Passive Range of Motion Hindlimb

 

BEFORE YOU BEGIN

  • If you were given any pain medications for your pet, give them 30-60 minutes before any rehabilitation exercises are begun.
  • For best results perform range of motion for each joint 3-4 times a day.
  • Therapy sessions should be performed in a quiet and comforting area away from any possible distractions (loud noise, other pets, children – unless they are assisting). This will allow your pet to become calm and more receptive to their therapy.
  • If your pet is combative or reacts aggressively to this exercise, we recommend a muzzle be used during the therapy sessions for your safety. Your pet would never intentionally hurt you but accidents do happen when an animal is painful.

POSITIONING

  • Place your pet on their side with the injured leg up off the ground. Allow them to relax before starting the exercise.
    • A second person may be required to do this. Have the other person sit near your pet's head and provide scratches or rubs to keep them quiet and relaxed, or to assist in restraining them if needed.
    • A 2-3 minute gentle message of the injured leg before the exercise may be helpful to further relax your pet and loosen up the muscles. Place both hands on the injured back leg over the muscles and begin a very gentle message. You can message he back, thigh, and/or calf muscles.
  • Range of motion hand placement:PRMEH 1
    • Place one hand on the upper portion of the injured limb, above the level of the affected joint. Place your other hand on the lower portion of the injured limb, below the level of the affected joint.
      • For the hip this means one hand on the back and the other hand on the thigh or below the knee (Figure 1).
      • For the knee this means one hand would be placed on the front of the thigh with support under the leg, and the other hand would be placed below the knee on the front of the leg with support under the leg for a flexion motion.
    • Lift up the limb and make sure to support the entire limb to avoid any undue stress on the involved joint.

TECHNIQUE

  • The motions you will be performing are referred to as Flexion (bending of the joint) and Extension (straightening of the joint). You should do this exercise for the injured joint and all of the affected leg's joints.
  • FlexionPRMEH 2
    • With hands in the correct positions, slowly and gently flex (bend) the joint you are working with until your pet shows signs of discomfort (tensing the limb, trying to move away from you, moving the leg, crying, or lifting its head and looking back at you suddenly).
      • On hip flexion full range of motion is bring its paw to its ear (Figure 1).
    • At this point hold the joint flexed for 3-5 seconds then slowly let the leg relax or move it back to the beginning position (keeping your hands in the same position).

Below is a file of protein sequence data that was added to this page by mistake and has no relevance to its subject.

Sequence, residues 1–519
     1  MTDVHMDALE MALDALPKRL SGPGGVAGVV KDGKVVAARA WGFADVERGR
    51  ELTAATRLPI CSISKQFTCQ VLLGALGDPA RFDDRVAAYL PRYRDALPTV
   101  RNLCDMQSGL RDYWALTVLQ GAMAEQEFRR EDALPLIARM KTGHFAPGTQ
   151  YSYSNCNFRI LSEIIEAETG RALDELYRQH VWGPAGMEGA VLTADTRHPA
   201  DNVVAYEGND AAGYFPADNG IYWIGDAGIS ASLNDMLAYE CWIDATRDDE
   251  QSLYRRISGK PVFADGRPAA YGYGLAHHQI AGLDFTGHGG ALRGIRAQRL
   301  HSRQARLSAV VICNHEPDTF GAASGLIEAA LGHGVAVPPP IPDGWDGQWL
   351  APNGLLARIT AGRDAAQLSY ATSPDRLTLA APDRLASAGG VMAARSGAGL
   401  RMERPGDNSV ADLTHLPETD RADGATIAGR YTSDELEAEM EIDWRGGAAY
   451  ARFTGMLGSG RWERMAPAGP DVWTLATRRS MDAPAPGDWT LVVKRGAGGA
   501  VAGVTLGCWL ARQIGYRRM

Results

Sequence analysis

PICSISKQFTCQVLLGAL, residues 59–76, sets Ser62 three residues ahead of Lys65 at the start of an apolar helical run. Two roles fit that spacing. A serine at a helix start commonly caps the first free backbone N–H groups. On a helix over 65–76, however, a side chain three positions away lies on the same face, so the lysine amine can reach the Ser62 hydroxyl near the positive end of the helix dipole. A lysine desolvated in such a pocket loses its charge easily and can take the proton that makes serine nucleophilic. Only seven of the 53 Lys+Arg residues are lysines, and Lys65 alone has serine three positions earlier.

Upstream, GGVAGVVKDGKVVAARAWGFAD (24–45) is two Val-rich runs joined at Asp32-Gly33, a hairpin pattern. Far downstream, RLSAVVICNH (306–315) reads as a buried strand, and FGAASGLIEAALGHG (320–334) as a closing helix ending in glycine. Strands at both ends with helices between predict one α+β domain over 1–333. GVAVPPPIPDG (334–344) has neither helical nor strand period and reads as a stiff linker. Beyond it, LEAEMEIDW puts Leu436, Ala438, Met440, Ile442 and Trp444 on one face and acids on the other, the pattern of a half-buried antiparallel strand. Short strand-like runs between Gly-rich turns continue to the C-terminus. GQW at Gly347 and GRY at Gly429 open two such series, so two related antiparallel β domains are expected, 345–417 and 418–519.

• Perform this motion 10 times.
  • Extension
    • With hands in the correct positions (one hand on the front of the leg and one hand on the back of the leg), slowly and gently extend (straighten) the joint you are working with until your pet shows signs of discomfort (same as listed above).PRMEH 3
      • On hip extension full range of motion is the leg out back almost parallel with the rest of the body (Figure 3).
    • At this point hold the joint extended for 3-5 seconds then slowly let the leg relax or move it back to the beginning position (keeping your hands in the same position).
    • Perform this motion 10 times.
  • All joints
    • After performing flexion and extension of the injured joint, you should perform it for all of the leg joints.
    • For flexion of the entire limb, move one hand so your palm is flat against the toes and the other hand on the back. Slowly flex (bend) the entire limb by pressing your second hand towards the hip (Figure 2). Flex until your pet shows signs of discomfort.
      • Keep the injured joint supported the whole time.
      • Hold this for 3-5 seconds and perform the motion 10 times.
    • For extension of the entire limb, move one hand so your palm is flat against the foot pad and the other hand is on the front of the thigh. Push backwards on the thigh, pull the area above the toes backwards, and press the toes forward. Extend until your pet shows signs of discomfort.
      • Keep the injured joint supported the whole time.
      • Hold this for 3-5 seconds and perform the motion 10 times.
    • This will help keep the range of motion in all the joints of the injured limb as your pet heals, as well as reducing any joint stiffness that may occur.

COOL DOWN

  • End the exercise with another gentle message for 5 minutes to the muscles of the injured limb. This will help relax your pet and their muscles at the end of the session.
  • If you have been advised to apply an ice pack to the injured limb, apply it after you have completed the above instructions.